I love making blended soups. In fact, I made one yesterday using one small Yukon gold potato and one sweet potato I had on hand (plus a bunch of other random veggies). Soup is such a good way to clean out the fridge.

    As for substituting something for the milk, I’ve blended up my own cashew milk and used it to make vegan tomato soup before. It’s a bit of a pain, but works well as an alternative.

    Your soup looks wonderful, Shirley. As does the photo of the snowdrop flower. Beautiful!


  22. Shirley on March 6th, 2009 10:57 am

    Hi Melissa–Thanks so much for the great info on the added fiber and how the potato skins provide more nutrients by themselves and by holding the nutrients in the potato. I don’t think I’d ever heard the latter, although, of course, it makes perfect sense. Your nutritional comments are greatly appreciated! :-)

    Oooh, that soup you made yesterday sounds divine. I love both Yukon gold and sweet potatoes, but hubby doesn’t like sweet potatoes (except in pie—seriously). If they didn’t have such a bright orange color, I sure could sneak them in more recipes! LOL But, I know the color is yet another indication of how good they are for you.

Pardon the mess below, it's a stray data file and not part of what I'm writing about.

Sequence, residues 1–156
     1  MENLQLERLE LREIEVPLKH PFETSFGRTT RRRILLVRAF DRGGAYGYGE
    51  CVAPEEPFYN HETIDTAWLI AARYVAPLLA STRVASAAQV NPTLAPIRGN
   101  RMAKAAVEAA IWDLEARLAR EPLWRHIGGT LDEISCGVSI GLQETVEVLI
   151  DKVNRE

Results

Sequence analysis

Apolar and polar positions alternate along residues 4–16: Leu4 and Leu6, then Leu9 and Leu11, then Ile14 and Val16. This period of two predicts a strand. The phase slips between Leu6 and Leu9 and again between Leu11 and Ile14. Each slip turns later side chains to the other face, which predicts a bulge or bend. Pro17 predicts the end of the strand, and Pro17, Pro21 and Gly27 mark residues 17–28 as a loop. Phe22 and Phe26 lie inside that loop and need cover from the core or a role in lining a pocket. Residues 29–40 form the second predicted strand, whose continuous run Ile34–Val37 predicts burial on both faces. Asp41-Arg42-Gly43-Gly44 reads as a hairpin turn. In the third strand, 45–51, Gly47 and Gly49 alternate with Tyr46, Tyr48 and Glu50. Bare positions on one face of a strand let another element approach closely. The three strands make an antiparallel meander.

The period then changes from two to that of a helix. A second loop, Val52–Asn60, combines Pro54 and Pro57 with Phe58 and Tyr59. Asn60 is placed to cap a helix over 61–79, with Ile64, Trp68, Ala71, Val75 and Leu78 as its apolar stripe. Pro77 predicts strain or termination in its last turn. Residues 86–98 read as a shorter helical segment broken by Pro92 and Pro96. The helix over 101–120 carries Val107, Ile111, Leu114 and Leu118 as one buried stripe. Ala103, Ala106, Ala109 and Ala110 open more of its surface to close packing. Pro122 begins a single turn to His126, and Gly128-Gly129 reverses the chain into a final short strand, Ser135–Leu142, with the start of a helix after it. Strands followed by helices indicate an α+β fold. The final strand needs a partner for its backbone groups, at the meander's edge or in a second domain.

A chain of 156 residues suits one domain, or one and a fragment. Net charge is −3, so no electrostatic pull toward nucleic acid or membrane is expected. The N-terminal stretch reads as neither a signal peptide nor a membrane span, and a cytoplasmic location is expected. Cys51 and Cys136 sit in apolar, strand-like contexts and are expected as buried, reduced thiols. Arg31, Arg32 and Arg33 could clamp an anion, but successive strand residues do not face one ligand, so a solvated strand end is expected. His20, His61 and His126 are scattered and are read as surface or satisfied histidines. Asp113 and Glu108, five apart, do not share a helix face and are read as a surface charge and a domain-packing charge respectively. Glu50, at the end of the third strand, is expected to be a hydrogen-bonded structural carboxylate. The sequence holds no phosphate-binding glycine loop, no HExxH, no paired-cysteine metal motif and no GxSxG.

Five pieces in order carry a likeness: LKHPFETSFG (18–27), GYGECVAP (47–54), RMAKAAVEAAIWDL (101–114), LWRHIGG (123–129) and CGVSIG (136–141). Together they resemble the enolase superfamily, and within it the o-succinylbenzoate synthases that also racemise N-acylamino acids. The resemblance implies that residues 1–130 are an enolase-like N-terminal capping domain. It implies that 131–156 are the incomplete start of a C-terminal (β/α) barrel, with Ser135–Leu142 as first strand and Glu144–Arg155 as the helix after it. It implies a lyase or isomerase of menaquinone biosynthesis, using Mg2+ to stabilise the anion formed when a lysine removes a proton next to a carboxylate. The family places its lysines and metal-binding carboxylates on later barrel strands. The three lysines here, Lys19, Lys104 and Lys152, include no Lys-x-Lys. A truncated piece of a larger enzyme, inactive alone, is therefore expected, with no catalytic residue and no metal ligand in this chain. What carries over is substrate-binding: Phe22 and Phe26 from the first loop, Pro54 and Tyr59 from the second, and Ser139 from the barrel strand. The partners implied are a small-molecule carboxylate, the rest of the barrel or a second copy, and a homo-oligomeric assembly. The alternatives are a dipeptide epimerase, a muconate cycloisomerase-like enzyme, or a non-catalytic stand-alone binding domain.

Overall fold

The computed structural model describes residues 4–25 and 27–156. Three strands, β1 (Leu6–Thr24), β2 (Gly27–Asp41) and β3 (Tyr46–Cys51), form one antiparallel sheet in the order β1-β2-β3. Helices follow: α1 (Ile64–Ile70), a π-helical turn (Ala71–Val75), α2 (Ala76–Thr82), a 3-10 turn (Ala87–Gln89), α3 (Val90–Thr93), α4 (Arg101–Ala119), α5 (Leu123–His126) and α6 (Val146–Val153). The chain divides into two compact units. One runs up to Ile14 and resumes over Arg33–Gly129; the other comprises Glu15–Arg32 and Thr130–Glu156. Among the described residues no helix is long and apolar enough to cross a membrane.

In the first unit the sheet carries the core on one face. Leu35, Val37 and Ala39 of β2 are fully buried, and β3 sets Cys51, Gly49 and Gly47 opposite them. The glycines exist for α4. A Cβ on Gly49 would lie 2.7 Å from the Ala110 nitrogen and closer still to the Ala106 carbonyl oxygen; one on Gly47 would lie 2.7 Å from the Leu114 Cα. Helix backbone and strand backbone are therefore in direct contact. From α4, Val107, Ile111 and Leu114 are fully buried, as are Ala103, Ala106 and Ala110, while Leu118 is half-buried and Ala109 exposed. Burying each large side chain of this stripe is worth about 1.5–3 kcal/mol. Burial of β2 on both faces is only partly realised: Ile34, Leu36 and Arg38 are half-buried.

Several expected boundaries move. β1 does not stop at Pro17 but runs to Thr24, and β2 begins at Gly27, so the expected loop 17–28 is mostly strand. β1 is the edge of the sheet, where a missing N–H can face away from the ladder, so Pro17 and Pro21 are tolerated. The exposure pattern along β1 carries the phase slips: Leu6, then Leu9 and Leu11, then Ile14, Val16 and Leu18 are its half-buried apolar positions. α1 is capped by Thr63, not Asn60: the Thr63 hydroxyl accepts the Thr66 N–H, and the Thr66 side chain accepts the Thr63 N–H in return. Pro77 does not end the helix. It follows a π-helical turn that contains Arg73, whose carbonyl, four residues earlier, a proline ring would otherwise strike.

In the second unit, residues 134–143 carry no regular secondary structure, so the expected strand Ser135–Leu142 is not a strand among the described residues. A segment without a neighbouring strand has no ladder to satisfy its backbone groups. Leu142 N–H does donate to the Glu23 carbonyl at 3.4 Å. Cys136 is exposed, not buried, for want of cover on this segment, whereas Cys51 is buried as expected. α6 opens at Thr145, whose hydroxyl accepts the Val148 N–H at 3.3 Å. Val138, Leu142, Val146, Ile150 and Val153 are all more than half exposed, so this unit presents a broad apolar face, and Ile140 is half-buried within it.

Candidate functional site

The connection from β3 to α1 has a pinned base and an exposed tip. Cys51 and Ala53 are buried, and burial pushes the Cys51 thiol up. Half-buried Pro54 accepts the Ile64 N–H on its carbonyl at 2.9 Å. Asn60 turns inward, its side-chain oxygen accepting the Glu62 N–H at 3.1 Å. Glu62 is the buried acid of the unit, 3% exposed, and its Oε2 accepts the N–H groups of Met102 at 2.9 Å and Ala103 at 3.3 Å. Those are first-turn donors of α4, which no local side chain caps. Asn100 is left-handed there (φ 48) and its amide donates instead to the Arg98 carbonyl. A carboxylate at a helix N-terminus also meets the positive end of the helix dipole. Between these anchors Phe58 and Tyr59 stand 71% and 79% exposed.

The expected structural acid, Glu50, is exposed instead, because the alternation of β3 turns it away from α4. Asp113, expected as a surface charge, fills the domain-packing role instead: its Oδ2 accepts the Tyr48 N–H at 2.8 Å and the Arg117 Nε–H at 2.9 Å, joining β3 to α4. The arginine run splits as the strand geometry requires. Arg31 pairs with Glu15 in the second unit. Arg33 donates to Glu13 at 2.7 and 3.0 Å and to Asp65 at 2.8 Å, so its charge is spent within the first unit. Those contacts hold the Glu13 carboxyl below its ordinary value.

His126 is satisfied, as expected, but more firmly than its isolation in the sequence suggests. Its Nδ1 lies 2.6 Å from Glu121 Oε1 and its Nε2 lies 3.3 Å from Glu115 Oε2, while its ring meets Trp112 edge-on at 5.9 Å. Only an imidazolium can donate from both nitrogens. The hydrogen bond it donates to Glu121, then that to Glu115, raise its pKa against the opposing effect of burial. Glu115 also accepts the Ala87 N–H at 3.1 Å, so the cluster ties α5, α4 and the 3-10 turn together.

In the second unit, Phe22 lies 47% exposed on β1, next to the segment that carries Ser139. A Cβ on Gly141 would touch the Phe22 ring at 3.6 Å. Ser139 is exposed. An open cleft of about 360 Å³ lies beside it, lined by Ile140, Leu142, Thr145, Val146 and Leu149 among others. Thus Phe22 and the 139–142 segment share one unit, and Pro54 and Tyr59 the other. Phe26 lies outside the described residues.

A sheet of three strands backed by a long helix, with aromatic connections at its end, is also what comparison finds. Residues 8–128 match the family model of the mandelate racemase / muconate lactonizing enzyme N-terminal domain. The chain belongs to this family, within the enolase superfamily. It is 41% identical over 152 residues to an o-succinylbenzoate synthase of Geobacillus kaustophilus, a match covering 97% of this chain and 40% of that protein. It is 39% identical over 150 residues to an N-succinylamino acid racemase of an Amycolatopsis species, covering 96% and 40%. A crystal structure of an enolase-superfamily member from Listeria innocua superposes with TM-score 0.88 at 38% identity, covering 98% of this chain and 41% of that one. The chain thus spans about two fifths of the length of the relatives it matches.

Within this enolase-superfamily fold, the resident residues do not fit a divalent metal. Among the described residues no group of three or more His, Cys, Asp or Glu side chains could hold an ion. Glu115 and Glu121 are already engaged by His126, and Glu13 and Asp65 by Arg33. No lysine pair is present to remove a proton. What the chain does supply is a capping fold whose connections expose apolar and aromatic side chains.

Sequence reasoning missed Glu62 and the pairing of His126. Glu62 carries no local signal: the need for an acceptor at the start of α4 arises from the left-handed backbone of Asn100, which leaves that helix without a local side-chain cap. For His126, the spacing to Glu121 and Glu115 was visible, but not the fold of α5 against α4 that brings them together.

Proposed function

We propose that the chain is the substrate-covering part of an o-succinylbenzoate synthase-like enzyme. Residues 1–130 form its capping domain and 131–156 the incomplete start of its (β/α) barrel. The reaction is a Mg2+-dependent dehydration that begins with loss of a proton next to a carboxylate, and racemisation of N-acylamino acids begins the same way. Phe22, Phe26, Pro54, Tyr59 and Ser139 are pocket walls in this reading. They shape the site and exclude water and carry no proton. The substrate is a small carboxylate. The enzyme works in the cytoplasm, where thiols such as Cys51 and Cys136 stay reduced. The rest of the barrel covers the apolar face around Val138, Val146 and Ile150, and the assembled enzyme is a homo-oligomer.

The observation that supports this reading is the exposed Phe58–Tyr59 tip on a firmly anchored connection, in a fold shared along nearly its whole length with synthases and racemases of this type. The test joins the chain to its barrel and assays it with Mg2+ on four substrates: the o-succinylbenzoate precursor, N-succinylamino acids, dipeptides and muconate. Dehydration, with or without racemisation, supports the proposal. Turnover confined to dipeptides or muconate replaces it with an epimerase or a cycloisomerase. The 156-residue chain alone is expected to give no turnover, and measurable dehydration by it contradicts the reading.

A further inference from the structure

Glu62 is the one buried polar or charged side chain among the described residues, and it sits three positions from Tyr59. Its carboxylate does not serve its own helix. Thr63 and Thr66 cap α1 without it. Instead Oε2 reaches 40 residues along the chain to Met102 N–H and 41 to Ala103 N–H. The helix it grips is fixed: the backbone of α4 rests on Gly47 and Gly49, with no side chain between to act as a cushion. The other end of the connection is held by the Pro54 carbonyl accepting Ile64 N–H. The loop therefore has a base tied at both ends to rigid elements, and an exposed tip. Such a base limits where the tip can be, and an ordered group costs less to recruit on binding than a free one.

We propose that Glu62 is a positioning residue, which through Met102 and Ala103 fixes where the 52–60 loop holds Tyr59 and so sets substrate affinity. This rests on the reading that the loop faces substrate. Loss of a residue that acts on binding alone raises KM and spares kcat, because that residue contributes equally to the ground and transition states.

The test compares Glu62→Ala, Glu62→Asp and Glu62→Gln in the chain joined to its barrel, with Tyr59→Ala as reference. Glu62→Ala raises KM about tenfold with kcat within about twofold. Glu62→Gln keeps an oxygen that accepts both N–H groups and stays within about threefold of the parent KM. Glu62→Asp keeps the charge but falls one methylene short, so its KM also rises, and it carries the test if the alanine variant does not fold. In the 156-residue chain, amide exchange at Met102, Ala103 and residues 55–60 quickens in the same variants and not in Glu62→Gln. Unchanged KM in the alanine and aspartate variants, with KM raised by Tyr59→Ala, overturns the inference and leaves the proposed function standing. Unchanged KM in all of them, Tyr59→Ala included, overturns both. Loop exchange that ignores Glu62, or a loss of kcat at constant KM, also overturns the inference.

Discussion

Several readers make the nut milks and use them for all kinds of recipes. I think it’s just getting in the routine of making them. I definitely want to try that sometime … but again I’ll have to do it discreetly. ;-)

    Thanks for the kudos! Dawnzy58 at Flickr took the wonderful photo, but I did select it out of so many other great photos, so I do have good taste!


  23. Melanie on March 7th, 2009 10:27 am

    Hi Shirley,

    Your soup looks wonderful!
    I think you may have tried to send me your address, and somehow the email got lost, and I haven’t been able to retrieve it!

    Please send it again to and I will send a book on to you!


  24. Shirley on March 7th, 2009 2:31 pm

    Hi Melanie–Thanks very much! Do give this recipe a try when you are pushed for time and want something comforting, easy, and frugal. I’ll send you an email. I am really hoping we can do a nice barter. ;-)